reply to post by KySc5
WHATEVER. The OP of this thread is shamefully misleading. If you actually take the time to read
the article referenced in the OP you will see
this (emphasis is mine):
Asthma sufferers who use inexpensive, over-the-counter Primatene Mist (PM) inhalers will no longer be able to obtain them beginning in 2012,
thanks to a phase-out of the product initiated by the Obama administration. In accordance with the Montreal protocols adopted during the Bush
administration, products that emit chlorofluorocarbons (CFCs), which include PM inhalers, are an alleged threat to the ozone layer, and are thus being
withdrawn from use."
So, as you see, it is the chloroflourocarbon (aka CFC) propellant in the inhaler that is being banned which is why the current version of Primatene
Mist is being phased out. And, if you take a couple of minutes to do a web search to educate yourself about the Montreal Protocol, you will
immediately see that the treaty that involves the Montreal Protocol was first opened for discussion and signature in September of 1987
to go to the Wikipedia page regarding the Montreal Protocol treaty. As a matter of
fact, it was then president RONALD REAGAN who first signed the United States into the treaty.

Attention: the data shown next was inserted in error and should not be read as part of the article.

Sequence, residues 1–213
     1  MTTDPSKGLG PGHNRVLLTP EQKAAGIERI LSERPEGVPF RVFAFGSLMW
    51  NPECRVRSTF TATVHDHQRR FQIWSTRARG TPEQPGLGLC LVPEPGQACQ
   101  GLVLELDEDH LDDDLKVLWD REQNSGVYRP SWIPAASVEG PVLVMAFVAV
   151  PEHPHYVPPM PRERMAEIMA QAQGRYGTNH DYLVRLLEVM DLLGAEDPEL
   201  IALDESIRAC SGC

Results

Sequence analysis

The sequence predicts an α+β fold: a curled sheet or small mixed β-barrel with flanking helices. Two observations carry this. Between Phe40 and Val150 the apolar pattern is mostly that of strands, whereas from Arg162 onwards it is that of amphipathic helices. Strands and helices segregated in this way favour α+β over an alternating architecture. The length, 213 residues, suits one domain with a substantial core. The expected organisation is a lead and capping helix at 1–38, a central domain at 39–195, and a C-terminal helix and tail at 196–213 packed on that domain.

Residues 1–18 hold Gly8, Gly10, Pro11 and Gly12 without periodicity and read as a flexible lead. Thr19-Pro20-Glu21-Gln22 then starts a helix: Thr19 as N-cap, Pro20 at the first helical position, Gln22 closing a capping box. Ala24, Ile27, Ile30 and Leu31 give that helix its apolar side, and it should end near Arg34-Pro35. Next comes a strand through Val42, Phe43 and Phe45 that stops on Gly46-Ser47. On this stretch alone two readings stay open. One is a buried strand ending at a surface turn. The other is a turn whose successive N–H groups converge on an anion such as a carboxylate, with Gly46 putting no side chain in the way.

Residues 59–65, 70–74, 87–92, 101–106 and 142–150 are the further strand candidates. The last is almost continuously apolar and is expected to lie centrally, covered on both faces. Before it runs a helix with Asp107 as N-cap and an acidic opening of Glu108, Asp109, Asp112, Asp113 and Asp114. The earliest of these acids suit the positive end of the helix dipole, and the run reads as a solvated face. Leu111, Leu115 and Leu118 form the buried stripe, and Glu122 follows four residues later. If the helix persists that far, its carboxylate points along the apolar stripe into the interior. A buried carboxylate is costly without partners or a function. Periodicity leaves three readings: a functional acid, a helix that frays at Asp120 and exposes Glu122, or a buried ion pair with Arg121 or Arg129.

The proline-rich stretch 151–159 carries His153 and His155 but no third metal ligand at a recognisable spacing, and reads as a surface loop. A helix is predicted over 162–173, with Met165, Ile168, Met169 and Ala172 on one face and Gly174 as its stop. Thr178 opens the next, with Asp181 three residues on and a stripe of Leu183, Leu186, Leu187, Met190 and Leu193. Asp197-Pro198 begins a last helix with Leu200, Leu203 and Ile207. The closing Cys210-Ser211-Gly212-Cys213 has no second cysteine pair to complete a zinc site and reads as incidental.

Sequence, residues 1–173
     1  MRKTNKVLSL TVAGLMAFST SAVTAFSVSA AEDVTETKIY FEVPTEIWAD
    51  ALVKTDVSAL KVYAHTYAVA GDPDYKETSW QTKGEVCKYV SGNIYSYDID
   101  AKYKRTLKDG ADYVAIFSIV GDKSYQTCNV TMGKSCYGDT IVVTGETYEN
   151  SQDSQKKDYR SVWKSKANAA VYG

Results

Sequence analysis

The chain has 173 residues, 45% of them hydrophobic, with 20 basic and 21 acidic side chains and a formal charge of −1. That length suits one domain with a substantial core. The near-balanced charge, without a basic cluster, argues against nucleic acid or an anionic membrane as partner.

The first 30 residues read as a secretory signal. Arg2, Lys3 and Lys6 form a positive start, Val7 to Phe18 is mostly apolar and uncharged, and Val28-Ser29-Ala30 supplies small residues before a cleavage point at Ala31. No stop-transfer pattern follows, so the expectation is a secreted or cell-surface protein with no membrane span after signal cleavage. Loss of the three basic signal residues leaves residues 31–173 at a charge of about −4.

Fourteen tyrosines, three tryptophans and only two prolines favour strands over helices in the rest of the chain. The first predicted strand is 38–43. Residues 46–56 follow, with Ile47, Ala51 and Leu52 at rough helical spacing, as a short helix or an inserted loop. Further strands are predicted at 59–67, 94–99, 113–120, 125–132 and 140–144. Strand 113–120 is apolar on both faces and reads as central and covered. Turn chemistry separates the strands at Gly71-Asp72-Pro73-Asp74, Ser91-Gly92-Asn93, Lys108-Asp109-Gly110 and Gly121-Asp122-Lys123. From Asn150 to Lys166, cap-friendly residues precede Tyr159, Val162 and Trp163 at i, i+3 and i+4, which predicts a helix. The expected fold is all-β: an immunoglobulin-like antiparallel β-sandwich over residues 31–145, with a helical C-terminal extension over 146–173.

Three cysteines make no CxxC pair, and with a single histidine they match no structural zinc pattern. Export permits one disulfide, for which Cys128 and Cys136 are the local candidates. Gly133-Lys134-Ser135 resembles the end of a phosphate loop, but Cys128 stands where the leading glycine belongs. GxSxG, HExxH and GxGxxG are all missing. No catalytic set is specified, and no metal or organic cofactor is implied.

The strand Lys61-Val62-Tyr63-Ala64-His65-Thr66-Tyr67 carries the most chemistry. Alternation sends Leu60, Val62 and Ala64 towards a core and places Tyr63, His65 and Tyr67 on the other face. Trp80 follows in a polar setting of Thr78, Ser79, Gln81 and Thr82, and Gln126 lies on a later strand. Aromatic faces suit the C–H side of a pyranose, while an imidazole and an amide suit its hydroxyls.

Furthermore, according to the Wall Street Journal's Health Blog, Amphaster Pharmaceuticals, the company that manufactures Primatene Mist is already
developing a replacement inhaler using a different propellant that will be in accord with the banning of the use of CFC's.
Dan Dischner, an Amphastar spokesman, tells DJN that the company’s subsidiary, Armstrong Pharmaceuticals, is talking with the FDA about bringing
a new version of the drug — using a different propellant — to market
This thread is a perfect example of why it is crucial for people take a minute to actually read the sources referenced in a discussion and then do a
couple of minutes of research to track down the truths and facts behind the story presented.
It is not just Primatene Mist that has had to change its formula. I have moderate to severe asthma that was diagnosed in 1984. The prescription
inhaler I use altered its formula to phase out the CFC propellant about 4 or 5 years ago in accordance with the Montreal Protocol.
Primatene Mist is not really a useful product anyways. At one point about 10 years ago, I purchased a Primatene Mist inhaler late one evening when I
ran out of my prescription inhaler and didn't make it to the pharmacy in time to get a refill. I guarantee you, anyone with even a moderate case of
asthma who has used Primatene Mist will tell you that it barely makes even a tiny dent in asthma attack symptoms. I ended up at the ER with an asthma
attack later that night anyways, despite having used the Primatene Mist inhaler to treat my symptoms.
Asthma is a very unpredictable disease. During an asthma attack, a mild case can suddenly become a life threatening severe case with no prior warning.
Anyone who has been diagnosed with asthma is gambling with their life if they rely on over the counter remedies like Primatene Mist or tablets.